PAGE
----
Date of Award


Degree Name

PhD Nursing

Dissertation Committee

Caroline Etland, PhD, RN, CNS, ACHPN, Chairperson; Cynthia D. Connelly, PhD, RN, FAAN; Laurie Ecoff, PhD, RN, NEA-BC, CNL


Patient Preference, Patient Experience, Covid-19, HCAHPS, Patient Satisfaction, Pandemic, Visitation, Adult, Inpatients, Retrospective Studies, Logistic Models, Length of Stay, Perception, SARS-CoV-2


Background: It has been nearly 20 years since the National Academy of Medicine released the report Crossing the Quality Chasm, which emphasized the importance of patients receiving individualized health care that is responsive to their preferences. Since that time, the term patient experience has become a staple in health care vernacular. Personal preferences are a key attribute of the patient experience and shape all its aspects. The COVID-19 global pandemic necessitated patient isolation, visitor restrictions, and has skewed the patient experience for the sake of patient, staff, and community safety. Understanding the impact of the pandemic on patient preference measures has significance for organizations, nurses, and patients.

Study Population: The study population consisted of inpatient adults, ages 18 and greater, at an acute care community hospital in southern California who completed a Hospital Consumer Assessment of Healthcare Providers and Systems (HCAHPS) survey.

Purpose/Aims: This study examined patient perceptions of staff respecting their preferences as measured by a score of always on the HCAHPS items 1, 2, 5, 6, and 20 prior to and during the pandemic.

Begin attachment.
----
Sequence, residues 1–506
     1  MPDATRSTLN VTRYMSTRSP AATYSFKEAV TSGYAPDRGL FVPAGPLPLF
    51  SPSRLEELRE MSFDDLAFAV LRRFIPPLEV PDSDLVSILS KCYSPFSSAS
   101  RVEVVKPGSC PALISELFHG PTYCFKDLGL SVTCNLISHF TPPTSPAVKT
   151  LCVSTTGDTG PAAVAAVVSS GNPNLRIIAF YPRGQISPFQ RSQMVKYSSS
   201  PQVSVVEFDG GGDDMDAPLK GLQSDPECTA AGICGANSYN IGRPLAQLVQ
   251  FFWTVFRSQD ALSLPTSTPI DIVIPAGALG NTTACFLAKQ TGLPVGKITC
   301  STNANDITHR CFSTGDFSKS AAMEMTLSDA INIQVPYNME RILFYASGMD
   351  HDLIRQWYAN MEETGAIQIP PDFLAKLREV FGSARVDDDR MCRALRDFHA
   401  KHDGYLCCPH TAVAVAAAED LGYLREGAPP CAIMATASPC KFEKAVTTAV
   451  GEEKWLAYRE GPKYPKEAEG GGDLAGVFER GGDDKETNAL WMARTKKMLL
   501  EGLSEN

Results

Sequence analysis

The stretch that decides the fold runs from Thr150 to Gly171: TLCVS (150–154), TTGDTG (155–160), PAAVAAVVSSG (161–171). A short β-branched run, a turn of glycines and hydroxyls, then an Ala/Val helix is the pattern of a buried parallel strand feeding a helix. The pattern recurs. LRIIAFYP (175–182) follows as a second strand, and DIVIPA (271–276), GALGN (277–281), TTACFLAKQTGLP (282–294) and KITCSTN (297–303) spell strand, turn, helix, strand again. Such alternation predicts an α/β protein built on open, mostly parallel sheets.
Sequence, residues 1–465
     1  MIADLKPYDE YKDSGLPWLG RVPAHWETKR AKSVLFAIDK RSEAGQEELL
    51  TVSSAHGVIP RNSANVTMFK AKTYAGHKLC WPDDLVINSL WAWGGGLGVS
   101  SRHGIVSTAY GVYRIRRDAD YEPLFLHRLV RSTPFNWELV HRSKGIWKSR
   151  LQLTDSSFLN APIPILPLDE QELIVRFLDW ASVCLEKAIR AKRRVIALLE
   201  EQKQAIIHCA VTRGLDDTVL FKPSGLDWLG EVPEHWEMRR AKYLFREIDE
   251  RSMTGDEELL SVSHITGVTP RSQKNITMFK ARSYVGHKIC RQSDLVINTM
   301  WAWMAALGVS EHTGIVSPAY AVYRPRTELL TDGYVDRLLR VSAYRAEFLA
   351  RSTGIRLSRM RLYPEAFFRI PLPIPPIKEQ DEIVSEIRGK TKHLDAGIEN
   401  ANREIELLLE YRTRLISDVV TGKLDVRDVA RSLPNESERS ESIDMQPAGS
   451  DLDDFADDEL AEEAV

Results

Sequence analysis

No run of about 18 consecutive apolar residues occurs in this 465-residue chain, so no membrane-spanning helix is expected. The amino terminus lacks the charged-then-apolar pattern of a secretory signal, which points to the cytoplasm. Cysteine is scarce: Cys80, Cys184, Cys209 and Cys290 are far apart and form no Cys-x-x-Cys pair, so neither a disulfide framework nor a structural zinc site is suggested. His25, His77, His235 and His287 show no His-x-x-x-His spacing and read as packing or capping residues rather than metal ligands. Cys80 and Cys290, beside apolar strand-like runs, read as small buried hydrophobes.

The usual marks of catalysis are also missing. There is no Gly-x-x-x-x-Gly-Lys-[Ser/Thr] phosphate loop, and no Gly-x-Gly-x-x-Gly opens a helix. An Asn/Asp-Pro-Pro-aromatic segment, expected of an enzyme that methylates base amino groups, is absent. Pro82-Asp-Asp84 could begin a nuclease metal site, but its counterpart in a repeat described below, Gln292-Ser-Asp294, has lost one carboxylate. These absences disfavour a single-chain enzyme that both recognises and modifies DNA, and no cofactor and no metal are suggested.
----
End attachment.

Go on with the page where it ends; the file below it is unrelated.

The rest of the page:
Methods: A retrospective correlational comparative design study was conducted. HCAHPS raw data (N = 5,094) was analyzed from October 2019 to February 2021. Descriptive statistics characterized the sample and chi-square analyses were conducted to describe the relationships of the variables. Logistic regression identified the amount of variance for variables that had statistically significant associations.

Results: HCAHPS question 20, the most direct patient preference question, was the only question with a statistically significant association between when the survey was administered, pre-pandemic or during the pandemic, and whether the patient perceived the hospital staff considered their preference, and those of family and caregiver, into account (χ2(1) = 9.13, p = .003). More notably, in the during the pandemic group, the relationships among nearly all independent variables were significantly associated with a top box response to question 2, which asked whether the nurse listened carefully: Race (χ2 = 14.62, p = .040), education level (χ2 = 13.17, p = .022), length of stay (χ2 = 21.92, p = χ2 = 4.86, p = .027).

Implications: Nursing care provided during a pandemic influenced patients’ perceptions of staff respecting their preferences more than any other factors. Qualitative analysis is needed to further explore associations among the variables.

Document Type

Dissertation: USD Users Only